According to Mark Rosekind, the head of the National Highway Traffic Safety Administration, “When you use the word ‘accident,’ it’s like ‘God made it happen!’”

No. People make it happen. Every time I get into the car I expect that I’ll be subject to tailgating, horn blowing, carelessness, aggressive lane changing, speeding and other dangerous behaviors from drivers around me. These drivers are of all ages, ethnicities, genders and socio-economic backgrounds. It’s not an exclusive club.

I’ll bet that I’m not alone in this experience and that you are also aware of being put at frequent risk. This post is intended to create awareness of how these behaviors connect to mental health – or a lack of it.

Back to the article. Mark Rosekind went on to point out something that I say in my office multiple times a week: We define our experience of everything by the language – the words – we attach to the experience!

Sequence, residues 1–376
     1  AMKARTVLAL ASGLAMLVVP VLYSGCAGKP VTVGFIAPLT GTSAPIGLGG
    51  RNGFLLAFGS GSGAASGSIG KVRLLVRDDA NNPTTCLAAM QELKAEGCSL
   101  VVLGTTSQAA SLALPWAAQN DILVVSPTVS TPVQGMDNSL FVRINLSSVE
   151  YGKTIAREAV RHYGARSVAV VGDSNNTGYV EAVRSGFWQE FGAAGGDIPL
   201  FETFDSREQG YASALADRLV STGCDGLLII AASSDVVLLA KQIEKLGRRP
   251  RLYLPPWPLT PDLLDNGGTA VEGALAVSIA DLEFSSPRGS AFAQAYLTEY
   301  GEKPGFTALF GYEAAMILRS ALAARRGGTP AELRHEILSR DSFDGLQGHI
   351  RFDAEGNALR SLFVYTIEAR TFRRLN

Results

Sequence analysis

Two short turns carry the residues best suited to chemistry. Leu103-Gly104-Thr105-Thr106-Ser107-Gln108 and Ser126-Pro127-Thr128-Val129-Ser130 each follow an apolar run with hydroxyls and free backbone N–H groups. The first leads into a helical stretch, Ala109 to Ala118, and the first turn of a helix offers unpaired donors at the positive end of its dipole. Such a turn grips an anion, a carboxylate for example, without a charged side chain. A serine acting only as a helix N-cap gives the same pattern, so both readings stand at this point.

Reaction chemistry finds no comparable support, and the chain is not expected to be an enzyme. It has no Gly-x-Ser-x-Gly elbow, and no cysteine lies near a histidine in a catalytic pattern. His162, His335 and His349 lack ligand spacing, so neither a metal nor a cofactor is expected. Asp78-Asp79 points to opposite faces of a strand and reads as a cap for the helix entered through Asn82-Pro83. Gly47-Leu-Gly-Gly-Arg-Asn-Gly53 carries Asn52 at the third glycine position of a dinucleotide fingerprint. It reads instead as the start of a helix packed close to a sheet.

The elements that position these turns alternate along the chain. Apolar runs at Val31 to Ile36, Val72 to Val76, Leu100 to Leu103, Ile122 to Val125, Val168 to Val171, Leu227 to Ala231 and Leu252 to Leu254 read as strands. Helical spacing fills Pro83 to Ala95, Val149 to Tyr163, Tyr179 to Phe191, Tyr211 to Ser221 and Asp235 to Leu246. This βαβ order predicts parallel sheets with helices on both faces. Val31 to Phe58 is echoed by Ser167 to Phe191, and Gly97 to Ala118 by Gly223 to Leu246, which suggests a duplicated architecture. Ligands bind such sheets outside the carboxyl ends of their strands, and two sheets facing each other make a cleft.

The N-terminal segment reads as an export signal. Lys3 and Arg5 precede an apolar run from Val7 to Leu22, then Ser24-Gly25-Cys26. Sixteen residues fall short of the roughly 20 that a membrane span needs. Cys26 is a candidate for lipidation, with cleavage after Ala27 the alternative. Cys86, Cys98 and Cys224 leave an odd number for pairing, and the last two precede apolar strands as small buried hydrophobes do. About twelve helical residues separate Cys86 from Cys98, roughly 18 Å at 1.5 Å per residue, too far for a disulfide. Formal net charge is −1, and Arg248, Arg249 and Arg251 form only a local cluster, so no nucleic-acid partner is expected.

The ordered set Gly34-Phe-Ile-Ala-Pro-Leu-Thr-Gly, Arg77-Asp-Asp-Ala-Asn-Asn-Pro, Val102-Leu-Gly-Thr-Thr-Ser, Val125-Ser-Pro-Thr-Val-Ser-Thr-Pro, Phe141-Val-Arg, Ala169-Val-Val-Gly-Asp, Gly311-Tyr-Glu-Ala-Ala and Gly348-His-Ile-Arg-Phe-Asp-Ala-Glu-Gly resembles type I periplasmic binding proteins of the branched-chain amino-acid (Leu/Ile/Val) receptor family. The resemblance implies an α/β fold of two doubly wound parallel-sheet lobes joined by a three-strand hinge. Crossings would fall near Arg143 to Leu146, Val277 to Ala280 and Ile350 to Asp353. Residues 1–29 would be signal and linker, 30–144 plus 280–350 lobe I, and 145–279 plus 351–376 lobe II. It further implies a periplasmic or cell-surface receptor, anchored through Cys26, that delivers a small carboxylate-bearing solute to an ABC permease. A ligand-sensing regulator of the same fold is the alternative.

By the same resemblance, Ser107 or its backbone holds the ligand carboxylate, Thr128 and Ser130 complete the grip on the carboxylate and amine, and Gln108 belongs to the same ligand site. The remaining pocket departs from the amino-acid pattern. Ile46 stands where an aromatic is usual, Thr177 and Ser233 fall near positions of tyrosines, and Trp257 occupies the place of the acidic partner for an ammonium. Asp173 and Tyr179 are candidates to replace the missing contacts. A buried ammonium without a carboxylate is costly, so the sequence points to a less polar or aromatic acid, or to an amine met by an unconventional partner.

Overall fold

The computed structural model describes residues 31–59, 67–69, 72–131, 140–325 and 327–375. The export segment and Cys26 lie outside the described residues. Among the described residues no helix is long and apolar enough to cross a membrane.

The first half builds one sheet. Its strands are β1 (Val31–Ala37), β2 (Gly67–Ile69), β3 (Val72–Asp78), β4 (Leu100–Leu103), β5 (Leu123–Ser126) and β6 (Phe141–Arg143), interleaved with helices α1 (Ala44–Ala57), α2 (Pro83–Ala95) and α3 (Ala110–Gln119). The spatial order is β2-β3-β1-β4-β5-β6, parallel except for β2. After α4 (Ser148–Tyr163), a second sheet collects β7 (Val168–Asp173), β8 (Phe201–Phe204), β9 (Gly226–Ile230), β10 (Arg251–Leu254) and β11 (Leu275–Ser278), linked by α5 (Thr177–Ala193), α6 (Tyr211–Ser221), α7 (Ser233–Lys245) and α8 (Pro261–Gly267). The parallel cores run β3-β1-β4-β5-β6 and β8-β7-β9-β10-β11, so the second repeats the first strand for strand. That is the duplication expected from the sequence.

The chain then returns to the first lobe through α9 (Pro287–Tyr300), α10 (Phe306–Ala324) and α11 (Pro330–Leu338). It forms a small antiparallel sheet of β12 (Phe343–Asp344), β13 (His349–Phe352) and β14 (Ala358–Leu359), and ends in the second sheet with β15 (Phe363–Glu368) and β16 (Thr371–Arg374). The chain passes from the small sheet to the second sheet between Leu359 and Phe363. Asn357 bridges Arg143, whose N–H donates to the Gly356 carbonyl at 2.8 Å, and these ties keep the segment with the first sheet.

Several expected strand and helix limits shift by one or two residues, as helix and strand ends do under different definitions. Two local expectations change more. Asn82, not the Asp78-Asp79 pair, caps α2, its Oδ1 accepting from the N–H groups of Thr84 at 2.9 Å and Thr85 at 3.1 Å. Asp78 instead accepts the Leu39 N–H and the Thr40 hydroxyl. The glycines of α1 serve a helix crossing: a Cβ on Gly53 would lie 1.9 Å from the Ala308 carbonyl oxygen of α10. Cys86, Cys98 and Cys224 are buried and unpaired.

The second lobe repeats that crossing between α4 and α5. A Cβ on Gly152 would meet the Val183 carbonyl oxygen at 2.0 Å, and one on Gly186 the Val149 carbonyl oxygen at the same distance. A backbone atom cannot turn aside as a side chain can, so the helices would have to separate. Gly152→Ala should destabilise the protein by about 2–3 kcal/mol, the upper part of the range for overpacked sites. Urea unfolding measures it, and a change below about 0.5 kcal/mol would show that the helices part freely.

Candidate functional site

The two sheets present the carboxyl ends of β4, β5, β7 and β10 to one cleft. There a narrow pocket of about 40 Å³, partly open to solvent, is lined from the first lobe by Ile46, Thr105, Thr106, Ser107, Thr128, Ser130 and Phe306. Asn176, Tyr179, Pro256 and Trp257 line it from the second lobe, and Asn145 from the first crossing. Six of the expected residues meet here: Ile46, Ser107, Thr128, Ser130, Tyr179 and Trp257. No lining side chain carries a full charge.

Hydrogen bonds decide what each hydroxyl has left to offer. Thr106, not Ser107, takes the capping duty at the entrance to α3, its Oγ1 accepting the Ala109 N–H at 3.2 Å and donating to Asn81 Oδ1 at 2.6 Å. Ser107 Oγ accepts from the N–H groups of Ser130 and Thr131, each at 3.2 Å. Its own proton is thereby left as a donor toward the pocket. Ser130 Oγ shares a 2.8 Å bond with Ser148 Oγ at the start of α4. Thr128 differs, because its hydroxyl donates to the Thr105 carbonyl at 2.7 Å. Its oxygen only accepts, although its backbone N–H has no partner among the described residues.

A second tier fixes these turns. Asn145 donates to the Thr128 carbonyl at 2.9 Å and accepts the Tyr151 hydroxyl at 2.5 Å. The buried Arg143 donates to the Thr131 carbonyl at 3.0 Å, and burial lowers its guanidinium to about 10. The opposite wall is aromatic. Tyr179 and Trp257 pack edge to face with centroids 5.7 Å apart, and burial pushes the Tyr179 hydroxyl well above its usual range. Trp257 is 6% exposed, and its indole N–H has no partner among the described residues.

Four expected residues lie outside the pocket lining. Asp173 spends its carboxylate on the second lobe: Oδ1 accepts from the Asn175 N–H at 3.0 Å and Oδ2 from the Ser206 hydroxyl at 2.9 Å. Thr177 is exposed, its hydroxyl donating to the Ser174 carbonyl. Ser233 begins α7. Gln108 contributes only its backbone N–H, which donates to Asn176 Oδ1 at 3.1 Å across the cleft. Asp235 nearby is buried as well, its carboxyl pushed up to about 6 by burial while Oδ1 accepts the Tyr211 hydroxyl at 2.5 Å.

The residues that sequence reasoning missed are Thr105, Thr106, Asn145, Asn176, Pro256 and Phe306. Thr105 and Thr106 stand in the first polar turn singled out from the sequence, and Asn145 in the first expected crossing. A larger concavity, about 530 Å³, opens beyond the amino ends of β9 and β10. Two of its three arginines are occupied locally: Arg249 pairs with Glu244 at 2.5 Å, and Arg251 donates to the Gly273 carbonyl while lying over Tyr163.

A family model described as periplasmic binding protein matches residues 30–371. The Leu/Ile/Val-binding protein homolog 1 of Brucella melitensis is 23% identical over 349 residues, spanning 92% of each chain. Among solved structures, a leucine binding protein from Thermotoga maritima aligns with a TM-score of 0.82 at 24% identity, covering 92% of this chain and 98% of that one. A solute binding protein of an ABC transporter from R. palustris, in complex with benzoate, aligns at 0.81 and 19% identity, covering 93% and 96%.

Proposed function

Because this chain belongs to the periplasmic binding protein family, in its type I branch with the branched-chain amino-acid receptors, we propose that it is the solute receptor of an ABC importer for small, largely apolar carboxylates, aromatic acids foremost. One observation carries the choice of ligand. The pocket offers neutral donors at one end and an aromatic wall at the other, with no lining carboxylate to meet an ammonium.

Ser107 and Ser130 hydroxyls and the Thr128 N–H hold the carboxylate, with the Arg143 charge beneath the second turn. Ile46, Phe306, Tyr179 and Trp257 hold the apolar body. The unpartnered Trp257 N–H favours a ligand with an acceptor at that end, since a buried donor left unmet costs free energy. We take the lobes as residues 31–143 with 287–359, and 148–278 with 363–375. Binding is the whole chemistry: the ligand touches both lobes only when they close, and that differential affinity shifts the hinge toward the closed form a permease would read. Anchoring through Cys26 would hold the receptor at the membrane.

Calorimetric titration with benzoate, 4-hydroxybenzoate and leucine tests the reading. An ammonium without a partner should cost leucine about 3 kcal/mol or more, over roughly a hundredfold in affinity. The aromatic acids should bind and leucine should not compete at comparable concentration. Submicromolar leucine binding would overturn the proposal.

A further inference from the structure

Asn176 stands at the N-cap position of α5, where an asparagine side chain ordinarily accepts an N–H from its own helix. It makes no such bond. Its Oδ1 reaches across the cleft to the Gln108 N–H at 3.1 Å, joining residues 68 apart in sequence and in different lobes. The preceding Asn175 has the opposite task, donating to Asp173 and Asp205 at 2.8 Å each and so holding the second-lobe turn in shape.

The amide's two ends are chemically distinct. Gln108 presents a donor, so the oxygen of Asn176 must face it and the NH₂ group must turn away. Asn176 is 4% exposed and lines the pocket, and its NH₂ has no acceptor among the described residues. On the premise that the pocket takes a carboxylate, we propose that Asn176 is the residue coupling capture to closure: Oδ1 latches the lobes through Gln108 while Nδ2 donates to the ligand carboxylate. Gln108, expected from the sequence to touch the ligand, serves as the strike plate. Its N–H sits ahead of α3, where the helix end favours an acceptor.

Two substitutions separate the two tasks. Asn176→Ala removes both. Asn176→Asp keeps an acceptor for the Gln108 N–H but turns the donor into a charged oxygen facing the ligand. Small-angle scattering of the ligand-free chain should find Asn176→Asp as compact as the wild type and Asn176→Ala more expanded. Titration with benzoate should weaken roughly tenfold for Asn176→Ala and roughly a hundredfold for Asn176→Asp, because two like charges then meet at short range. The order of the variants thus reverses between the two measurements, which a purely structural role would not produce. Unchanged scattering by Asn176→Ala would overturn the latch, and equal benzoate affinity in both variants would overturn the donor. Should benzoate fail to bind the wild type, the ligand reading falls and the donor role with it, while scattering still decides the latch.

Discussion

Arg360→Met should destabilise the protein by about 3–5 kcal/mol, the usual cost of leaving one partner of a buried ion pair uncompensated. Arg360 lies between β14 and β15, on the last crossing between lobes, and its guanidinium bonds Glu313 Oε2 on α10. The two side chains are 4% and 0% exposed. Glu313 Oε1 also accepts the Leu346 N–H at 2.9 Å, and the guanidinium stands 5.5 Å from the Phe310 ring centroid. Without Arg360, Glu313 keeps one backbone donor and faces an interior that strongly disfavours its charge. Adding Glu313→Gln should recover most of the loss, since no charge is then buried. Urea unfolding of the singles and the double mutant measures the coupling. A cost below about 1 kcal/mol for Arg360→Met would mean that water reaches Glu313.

Everyone does this and that is how we arrive at our perceptions, interpretations, attitude and conclusions! But what if thinking, emotions, attitudes and negative over-reactions are based in unhealthy thinking and ways of relating to others?

None of us is perfect! We all make mistakes and, on occasion, act in ways that we later regret such as angry words directed at someone we say we love or care about. That’s not what concerns me.

The road behaviors described above that often lead to crashes are very mentally unhealthy. They are the result of emotional immaturity, fear, anger and other negative emotions. These are at the root of defensive, toxic ways of relating to and treating others — with total disrespect and disregard!